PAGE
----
Volts (V), Amperes (A) and Watts (W) are all units of electricity.
V = W / A
A = W / V
W = V x A
Most Bicycle dynamos (often incorrectly called generators) put out alternating current (AC).
Most are 6 volts and 3 watts. However 2.4 watt versions are also common. Older dynamos may be either 6 volt or 12 volt. Vintage Sturmey-Archer Dynohubs put our 6 volts but only 2 watts. This is more than enough for modern LED lights.
Incandescent bulbs are OK with this, but LED bulbs require direct current (DC) or they will burn out immediately!
Either way you will see blinking at slow speeds. It is more noticeable with LEDs because there is no residual glow like the filament of an incandescent bulb.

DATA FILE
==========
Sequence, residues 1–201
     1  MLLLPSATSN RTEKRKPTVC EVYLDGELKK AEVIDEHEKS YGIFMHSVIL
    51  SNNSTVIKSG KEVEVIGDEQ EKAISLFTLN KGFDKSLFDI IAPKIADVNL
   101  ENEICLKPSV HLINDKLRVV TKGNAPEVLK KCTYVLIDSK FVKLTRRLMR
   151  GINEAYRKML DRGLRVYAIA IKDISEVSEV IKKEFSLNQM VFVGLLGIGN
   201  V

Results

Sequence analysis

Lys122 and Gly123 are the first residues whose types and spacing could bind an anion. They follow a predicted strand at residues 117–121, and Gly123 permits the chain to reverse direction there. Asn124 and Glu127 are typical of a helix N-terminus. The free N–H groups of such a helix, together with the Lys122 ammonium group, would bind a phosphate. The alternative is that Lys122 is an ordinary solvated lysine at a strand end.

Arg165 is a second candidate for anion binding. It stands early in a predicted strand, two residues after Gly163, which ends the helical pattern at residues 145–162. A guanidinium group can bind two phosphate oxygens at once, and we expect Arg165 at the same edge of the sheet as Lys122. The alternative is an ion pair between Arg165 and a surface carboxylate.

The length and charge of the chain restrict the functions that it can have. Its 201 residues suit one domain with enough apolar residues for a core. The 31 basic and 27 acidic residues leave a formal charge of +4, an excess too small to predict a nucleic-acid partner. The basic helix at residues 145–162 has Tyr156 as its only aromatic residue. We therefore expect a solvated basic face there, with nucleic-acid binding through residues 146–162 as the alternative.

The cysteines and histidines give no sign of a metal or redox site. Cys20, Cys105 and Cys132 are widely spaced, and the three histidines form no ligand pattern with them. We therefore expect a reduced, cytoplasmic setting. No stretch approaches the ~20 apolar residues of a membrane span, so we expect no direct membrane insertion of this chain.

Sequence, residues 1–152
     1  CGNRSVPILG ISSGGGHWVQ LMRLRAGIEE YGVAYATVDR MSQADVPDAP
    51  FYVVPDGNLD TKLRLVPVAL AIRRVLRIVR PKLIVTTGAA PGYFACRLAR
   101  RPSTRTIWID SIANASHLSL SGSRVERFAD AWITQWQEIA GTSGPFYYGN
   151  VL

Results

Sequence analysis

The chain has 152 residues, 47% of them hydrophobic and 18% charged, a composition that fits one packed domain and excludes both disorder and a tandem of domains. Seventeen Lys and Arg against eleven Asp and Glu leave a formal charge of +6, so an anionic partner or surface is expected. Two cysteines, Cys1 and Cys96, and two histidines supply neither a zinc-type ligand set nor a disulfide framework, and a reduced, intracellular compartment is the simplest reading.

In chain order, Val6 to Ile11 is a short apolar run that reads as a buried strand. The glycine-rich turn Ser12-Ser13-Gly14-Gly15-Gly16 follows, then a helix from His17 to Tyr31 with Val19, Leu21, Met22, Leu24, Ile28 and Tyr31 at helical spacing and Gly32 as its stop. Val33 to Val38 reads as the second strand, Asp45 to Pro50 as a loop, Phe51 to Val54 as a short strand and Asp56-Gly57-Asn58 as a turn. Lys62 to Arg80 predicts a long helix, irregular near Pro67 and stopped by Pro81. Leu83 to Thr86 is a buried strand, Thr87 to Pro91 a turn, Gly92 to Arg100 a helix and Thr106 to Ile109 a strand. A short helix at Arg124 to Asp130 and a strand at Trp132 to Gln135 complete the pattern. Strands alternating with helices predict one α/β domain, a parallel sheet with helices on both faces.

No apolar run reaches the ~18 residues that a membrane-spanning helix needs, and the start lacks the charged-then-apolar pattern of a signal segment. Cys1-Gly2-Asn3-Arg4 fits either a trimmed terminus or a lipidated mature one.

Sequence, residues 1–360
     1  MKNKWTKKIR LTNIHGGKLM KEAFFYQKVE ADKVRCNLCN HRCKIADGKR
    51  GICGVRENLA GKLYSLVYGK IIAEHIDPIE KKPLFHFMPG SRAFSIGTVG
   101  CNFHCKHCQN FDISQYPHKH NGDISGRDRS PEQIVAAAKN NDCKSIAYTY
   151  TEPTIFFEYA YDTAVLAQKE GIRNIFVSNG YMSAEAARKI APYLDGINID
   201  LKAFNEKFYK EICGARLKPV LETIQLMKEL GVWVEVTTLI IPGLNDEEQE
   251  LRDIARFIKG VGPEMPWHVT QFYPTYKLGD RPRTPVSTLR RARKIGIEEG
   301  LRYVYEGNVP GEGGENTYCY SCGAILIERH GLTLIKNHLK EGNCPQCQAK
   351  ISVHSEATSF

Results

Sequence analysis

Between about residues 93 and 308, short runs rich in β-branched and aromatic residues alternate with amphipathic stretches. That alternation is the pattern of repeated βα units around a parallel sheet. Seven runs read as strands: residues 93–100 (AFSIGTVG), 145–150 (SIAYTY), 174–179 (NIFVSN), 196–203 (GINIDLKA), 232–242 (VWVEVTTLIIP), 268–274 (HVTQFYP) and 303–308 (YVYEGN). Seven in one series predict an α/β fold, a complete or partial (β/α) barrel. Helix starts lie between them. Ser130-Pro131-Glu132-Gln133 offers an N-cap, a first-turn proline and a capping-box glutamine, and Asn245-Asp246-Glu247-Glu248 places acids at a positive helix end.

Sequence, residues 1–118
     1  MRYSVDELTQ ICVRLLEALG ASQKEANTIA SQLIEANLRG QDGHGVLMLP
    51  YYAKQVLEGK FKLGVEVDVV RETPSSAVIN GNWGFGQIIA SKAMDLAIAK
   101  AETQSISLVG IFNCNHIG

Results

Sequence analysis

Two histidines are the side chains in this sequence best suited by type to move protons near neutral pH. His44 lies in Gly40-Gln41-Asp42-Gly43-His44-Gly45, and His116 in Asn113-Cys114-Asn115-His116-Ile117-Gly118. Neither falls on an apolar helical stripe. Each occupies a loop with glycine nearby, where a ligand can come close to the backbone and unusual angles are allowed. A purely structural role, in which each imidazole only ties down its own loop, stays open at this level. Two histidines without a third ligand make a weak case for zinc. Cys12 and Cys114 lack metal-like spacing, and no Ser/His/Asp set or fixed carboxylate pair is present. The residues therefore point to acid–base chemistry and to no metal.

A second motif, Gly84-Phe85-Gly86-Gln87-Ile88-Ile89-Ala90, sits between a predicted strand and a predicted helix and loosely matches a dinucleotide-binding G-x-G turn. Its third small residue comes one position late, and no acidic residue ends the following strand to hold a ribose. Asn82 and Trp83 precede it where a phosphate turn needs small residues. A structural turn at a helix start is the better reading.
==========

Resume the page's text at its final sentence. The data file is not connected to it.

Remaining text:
All LED lights have a rectifier, which flips one side of the AC over, making DC. The flashing will still be there but twice as fast.
Everyone knows how bright a 100 watt light bulb looks. However, watts aren't a good way to tell the brightness of a light source. Most street lights are 100 watts for example.
Bulb quality, material, the inert gasses inside the bulb (Krypton or Halogen), reflector and lenses all contribute to light output. The units Lumen, Lux and Foot-Candle are used to determine actual brightness. You could purchase a Lux Meter or just come into our shop and try out the lights in person. Many of the new LED lights are amazingly bright.
It is our opinion that many bike lights are TOO BRIGHT! Especially for trail use, where bikes come at you head-on.
Our staff commutes by bike all year long, so we have first-hand experience of what works.